The Washington Times - December 2, 2013, 04:28PM

Mike Shanahan said he spoke to Dean Blandino, the NFL’s vice president of officiating, on Monday regarding the mishap late in the Washington Redskins’ 24-17 loss to the New York Giants where a play was marked as a first down on the field but was actually recorded as a third down.

“He gave me a call and just went over the scenario,” Shanahan, the Redskins’ coach, said Monday afternoon. “Obviously, they made a mistake, and you live with it.”

The Redskins were facing second-and-5 from their own 41-yard line after the two-minute warning when wide receiver Pierre Garçon caught a pass and was ruled down near the Redskins’ 46-yard line. While referee Jeff Triplette said after the game that his third down signal was adequately communicated to both sidelines, the chains were moved in accordance with a first down.

Quarterback Robert Griffin III then threw a pass over the middle to tight end Fred Davis, who dropped it near the Giants’ 31-yard line. Triplette then announced that the following play would be fourth down, not second down as the Redskins believed, forcing a change in the play call and strategy.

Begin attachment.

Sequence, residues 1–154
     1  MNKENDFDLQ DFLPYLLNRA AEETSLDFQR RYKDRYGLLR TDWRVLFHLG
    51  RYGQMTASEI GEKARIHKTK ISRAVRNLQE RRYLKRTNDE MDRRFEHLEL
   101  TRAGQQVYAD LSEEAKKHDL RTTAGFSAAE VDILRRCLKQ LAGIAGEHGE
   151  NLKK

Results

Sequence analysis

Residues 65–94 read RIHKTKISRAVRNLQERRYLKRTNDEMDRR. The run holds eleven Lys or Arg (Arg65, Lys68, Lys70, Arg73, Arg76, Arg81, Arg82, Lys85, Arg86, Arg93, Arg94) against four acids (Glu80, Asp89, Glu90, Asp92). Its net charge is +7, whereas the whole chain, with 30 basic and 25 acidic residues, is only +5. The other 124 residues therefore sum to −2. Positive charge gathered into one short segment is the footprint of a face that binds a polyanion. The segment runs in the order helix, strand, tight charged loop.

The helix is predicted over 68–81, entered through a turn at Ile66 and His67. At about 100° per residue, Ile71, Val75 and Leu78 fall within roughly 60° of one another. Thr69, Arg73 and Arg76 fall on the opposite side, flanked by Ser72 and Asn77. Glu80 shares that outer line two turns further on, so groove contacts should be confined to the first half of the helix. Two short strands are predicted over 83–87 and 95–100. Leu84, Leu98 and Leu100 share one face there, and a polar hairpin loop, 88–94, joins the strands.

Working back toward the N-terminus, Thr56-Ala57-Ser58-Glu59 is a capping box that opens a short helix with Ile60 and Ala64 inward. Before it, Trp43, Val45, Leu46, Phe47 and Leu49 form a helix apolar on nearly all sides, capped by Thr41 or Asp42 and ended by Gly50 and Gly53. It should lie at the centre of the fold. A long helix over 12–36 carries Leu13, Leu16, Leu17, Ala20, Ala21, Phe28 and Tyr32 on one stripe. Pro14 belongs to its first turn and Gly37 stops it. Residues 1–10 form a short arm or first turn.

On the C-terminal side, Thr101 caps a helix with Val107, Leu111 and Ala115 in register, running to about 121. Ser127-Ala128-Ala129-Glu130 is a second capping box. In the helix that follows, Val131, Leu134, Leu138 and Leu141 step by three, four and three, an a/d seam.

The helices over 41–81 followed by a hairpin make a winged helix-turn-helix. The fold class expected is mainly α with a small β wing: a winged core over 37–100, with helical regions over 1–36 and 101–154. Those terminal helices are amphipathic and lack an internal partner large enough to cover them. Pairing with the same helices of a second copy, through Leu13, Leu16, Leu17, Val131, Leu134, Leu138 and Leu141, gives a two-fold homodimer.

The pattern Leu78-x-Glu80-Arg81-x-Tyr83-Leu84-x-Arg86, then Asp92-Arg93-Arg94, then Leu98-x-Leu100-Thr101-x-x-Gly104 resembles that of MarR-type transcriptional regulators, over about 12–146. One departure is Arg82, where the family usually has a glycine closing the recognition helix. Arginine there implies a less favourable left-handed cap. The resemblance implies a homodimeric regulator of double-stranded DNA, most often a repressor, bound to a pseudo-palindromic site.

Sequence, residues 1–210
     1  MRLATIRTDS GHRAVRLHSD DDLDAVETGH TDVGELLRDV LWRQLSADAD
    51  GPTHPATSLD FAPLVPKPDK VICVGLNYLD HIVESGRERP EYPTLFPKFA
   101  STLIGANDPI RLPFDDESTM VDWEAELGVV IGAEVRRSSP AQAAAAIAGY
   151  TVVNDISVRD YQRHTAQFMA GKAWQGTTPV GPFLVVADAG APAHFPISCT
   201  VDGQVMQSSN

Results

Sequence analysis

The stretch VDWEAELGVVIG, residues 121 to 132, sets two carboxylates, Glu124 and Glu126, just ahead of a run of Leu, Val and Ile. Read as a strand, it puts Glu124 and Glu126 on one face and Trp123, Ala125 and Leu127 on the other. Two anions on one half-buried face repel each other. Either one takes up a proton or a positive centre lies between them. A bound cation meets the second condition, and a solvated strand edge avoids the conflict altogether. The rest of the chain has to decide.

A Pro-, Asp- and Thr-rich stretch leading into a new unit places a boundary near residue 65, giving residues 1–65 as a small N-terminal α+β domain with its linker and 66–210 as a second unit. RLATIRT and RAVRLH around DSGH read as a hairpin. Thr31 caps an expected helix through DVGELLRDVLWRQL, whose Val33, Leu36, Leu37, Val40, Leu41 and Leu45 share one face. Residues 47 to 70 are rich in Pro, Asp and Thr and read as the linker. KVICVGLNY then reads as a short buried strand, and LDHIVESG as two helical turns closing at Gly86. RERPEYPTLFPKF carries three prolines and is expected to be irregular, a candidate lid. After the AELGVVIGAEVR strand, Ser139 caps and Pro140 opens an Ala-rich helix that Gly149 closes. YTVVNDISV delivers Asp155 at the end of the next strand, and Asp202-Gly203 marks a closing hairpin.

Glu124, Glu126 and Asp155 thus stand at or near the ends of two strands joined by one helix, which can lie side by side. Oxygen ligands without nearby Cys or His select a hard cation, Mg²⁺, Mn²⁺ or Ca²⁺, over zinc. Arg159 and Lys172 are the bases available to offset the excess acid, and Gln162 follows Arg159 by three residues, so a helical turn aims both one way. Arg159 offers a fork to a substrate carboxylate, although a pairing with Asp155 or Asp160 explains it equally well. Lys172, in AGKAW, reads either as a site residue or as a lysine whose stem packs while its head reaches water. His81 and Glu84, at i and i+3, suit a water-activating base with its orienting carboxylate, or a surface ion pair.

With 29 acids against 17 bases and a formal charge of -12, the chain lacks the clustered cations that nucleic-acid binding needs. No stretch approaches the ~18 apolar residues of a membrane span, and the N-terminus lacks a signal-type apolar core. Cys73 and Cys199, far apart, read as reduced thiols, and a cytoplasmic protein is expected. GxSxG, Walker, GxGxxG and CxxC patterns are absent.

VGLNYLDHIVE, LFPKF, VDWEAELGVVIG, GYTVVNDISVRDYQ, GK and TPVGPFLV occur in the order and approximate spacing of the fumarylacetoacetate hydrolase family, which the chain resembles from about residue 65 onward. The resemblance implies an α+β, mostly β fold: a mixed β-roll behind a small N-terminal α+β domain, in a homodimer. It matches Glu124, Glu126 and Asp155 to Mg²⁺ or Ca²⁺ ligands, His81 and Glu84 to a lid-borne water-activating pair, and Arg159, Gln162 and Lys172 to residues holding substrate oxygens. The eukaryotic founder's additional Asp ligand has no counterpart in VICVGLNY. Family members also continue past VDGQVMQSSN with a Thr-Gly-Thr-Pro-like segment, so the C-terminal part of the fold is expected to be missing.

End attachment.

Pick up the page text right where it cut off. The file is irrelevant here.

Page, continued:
Blandino released a statement through the league office on Monday, noting that Triplette correctly signaled third down but that the head linesman, Phil McKinnely, “incorrectly motioned for the chain crew to advance the chains, which caused the down boxes to read first down.” He said only Triplette, as the referee, “can rule and signal a first down.”

Triplette said after the game that the typical scenario would have been to stop the game and reset the markers, but because the Redskins did not have a timeout, he did not want to do so to give the team “an unfair advantage.”

Blandino, in his statement, said Triplette’s decision to allow play to continue was in error.

“In this situation where there is obvious confusion as to the status of the down, play should have been stopped prior to third down and the correct down communicated to both clubs,” Blandino said. “This should have occurred regardless of the fact that Washington had no timeouts and it was inside two minutes.”

The resulting fourth-and-1 play led to a six-yard catch by Garçon, but he had the ball ripped out of his hands by Giants free safety Will Hill. The Giants then kneeled down twice to end the game.